Moreover, film songs are just as, if not more, important than the film itself. Studios usually release music videos from the film’s soundtrack well in advance of its release, so that every Indian often knows the songs by heart.
For example, Jhoome Jo Pathaan, a song from the film Pathaan directed by Siddharth Anand (2023) starring Shah Rukh Khan and Deepika Padukone, broke the record of one million views, 30 minutes before its theatrical release!
The gradual emergence of superstars
Like its near-neighbor Korea, with its K-pop ecosystem, Bollywood has seen the emergence of real stars who still unleash collective hysteria today.
This rise of the star system coincides with the golden age of Bollywood cinema, between 1940 and 1960.
The quality of staging, images, music, songs and acting, this period gave rise to many masterpieces, before cinema took a more formatted path, with musicals, headliners and big budgets taking precedence.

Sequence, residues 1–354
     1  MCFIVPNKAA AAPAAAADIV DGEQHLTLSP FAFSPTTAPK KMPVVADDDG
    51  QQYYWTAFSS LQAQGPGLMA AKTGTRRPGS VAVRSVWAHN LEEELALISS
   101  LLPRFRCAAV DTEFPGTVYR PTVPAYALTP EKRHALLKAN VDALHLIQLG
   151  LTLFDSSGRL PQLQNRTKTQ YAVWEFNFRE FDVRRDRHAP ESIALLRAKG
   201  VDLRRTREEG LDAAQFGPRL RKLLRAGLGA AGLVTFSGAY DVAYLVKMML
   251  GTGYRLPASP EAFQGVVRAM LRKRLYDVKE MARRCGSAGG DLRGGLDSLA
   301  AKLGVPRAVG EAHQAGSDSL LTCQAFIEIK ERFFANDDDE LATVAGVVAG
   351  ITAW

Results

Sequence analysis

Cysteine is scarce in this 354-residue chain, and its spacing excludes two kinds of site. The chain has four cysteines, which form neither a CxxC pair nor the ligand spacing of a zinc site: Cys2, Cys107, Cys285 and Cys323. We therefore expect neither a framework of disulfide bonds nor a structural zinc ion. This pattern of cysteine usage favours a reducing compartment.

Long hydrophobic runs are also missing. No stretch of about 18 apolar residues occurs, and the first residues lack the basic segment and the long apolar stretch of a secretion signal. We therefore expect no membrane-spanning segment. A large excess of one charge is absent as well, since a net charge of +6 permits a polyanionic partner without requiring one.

Producers offered huge fees. No longer tied to a studio, actors and actresses could multiply their commitments. Rumor has it that stars shoot one film in the morning, another in the afternoon, another in the evening.
Rajesh Khanna – who died in 2012 – became Bollywood’s first superstar. Indian women were quick to write passionate letters, sometimes even in their own blood, to this Rudolph Valentino-like Latin lover, who played romantic and vulnerable roles.
Kaka (uncle in Indian), who enjoyed unprecedented success in 1969 with “Aaradhna” (Devotion), was the highest-paid actor in Indian cinema from 1970 to 1987. Starring in 180 films, he scored 17 consecutive hits in three years!
Sridevi – who passed away in 2018 – was the first female superstar, with a filmography that reached its peak in the 1970s and especially the 1980s. She appeared in almost 250 films, in Hindi, Tamil, Telugu and Malayalam.